Test-And-Test-And-Set Lock

After I learned that Compare-And-Swap (CAS) has an infinite consensus number, I felt like I can rule the world with it. Well, maybe not quite, but I felt pretty darn good.

I got the urge to utilize the power of CAS, so I spent some time looking into its usage in the real-world of mutual exclusion.

Just so happens, I bumped into a chapter in the textbook that describes a spin lock algorithm called the Test-And-Test-And-Set (TTAS) lock.

The algorithm is succinct and it is elegantly solved by CAS.


In a mutual exclusion protocol, only one thread can acquire the lock.

If it acquired the lock, it may access the critical region, get its job done, and get out of critical region.

If it can’t acquire the lock, there are two choices. It can repeatedly test the lock – spinning, or it yields its slice of time to another thread and come back later – blocking.

If the contention is low, and spin locks might make sense.

In the test-and-test-and-set algorithm, the mutex is first tested to see if it is free. If it appears to be free, we perform test-and-set (CAS) on mutex.

The two tests idea is similar to the double-checked locking optimization to reduce the CAS overhead.

Here is my implementation of the TTAS lock in C++. It is a scoped lock that utilizes the Win32 Interlocked Variable Access API to perform atomic synchronization.

// atomic read is just a volatile read in C
inline LONG atomicRead(volatile LONG *mem) { return *mem; }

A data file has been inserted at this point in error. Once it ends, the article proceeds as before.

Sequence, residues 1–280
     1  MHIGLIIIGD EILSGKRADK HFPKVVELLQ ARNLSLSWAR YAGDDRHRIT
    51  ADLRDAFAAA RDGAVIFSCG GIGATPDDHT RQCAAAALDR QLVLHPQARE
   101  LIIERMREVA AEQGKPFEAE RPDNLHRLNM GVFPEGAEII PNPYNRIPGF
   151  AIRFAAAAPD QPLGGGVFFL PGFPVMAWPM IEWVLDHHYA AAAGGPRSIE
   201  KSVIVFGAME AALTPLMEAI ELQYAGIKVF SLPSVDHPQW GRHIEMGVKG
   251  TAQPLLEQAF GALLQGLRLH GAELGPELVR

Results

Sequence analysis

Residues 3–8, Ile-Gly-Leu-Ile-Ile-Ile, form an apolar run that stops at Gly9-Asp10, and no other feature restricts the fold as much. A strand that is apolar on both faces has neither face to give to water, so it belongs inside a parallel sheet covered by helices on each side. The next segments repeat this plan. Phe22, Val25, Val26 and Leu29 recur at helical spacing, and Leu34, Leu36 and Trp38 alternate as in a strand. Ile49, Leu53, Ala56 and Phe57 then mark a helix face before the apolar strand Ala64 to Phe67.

class CTtasLock
	// mutex class that holds the lock state
	class CTtasMutex
		CTtasMutex() : m_state(0) {};
		LONG m_state;
		LONG const static Locked = 1;
		LONG const static NotLocked = 0;

	// RAII constructor that acquire lock upon construction
	explicit CTtasLock(CTtasMutex&m) : m_mutex(m) { lock(); }

	// RAII destructor that performs the "scoped" lock behavior
	~CTtasLock() { unlock(); }

	// spin lock that performs the test-test-and-set algorithm
	void lock()
			// test until state is cleared
			while(atomicRead(&m_mutex.m_state) == CTtasMutex::Locked){};

			// test-and-set
				CTtasMutex::NotLocked) == CTtasMutex::NotLocked)
	// unlock the mutex with atomic set
	void unlock()
		InterlockedExchange(&m_mutex.m_state, CTtasMutex::NotLocked);
	CTtasMutex &m_mutex;

Performance Under Contention

So how well does TTASLock work under contention?

Unfortunately, not very well at all. 😦

Multiple thread race to increment a shared integer value to one million. As the number of thread increases, contention increases, and performance decreases.

As the number of threads increases, there are more contentions and more cycles are wasted spinning. And since the TTASLock spins on a shared mutex, each spinning thread encounters a cache miss whenever a thread acquires the lock and writes to the mutex. Thus, the increase of contention also leads to the increase in cache misses.

And worse yet, the first test in TTAS has almost no benefit in practice because the performance is dominated by cache misses.

[Update: See ttas-spinlock-with-yield for a more scalable solution]

Thoughts and Conclusions

Although TTAS lock has performance issues in practice, I enjoy its simplicity.

The cache misses issue can be relieved if each thread observes a different counter, and ensure that the counter are far enough that they are on different cache lines.